Henry David Thoreau wrote – way back in the mid 19th century – that “our inventions are wont to be pretty toys, which distract our attention from serious things. They are but improved means to an unimproved end.”
It sounds dreadfully prescient as we ponder the children before us today, raised on “pretty toys” and a constant stream of instant accessible always-changing entertainment. They can’t keep still, we say, or behave as they ought to, or complete their worksheets and hand in their essays, or pay attention to serious things like history lessons and math and Shakespeare. So it’s little wonder that we worry about the wisdom of bringing “pretty toys” into schools. In our case, in our current project, we have carts of 15 devices (iPads, iPods or laptops) and place them in classrooms for six weeks. We had little doubt that students would be engaged (and they are!), but would they engage more in serious things?
As the project progresses, and I watch teachers and students use the technology to learn, create, build, share, I have become convinced that our concerns about our students’ lack of engagement and inability to pay attention – and their therefore diminishing skills – are less a problem inherent in “kids nowadays” and more related to their difficulty in connecting to school as it is currently designed. When Thoreau was writing in the mid-19th century, the world was almost unimaginably different. No cars. No planes. No phones. No TV. Certainly no iPads. No rights and freedoms for great swaths of our population. It boggles the mind to think about how different the daily life today is from 150 years ago. The design of our schools, however – teacher in front of a classroom with kids in desks – really hasn’t changed much.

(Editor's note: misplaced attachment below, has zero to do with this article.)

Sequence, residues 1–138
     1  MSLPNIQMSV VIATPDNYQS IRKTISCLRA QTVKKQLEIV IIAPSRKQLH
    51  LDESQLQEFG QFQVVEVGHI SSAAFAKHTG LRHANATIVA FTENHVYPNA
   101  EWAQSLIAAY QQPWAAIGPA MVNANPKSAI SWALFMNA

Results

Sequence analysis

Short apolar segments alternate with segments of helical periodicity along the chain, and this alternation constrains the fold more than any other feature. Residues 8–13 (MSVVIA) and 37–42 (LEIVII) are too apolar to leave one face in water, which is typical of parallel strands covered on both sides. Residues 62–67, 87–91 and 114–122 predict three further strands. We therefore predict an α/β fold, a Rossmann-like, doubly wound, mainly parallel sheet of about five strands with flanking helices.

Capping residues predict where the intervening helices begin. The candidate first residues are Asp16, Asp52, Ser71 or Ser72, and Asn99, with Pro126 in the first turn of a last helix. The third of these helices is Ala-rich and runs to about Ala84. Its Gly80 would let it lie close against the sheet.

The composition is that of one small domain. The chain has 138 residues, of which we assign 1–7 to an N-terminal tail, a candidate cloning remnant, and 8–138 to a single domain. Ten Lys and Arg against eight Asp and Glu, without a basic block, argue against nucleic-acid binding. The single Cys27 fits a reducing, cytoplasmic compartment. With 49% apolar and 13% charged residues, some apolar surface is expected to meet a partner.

But students today – whether we bemoan it or not – are used to images, motion, vibrancy, choice. It’s woven throughout their lives. It is the fabric of their future. As I observe students in this project, engaged in learning through these devices, enabled to choose their path, connected to serious things through their own interests, working in teams, acting as mentors, sharing their learning through a variety of media, I am struck less by their lack of skills and attention and more by their sophistication and concentration, by their inventiveness and creativity, by their thoughtfulness and by their curiosity!
I worry now much less about whether these “pretty toys” will distract the students from serious things and more about how they can return to the black and white two-dimensional world of their classroom when we take away the technology.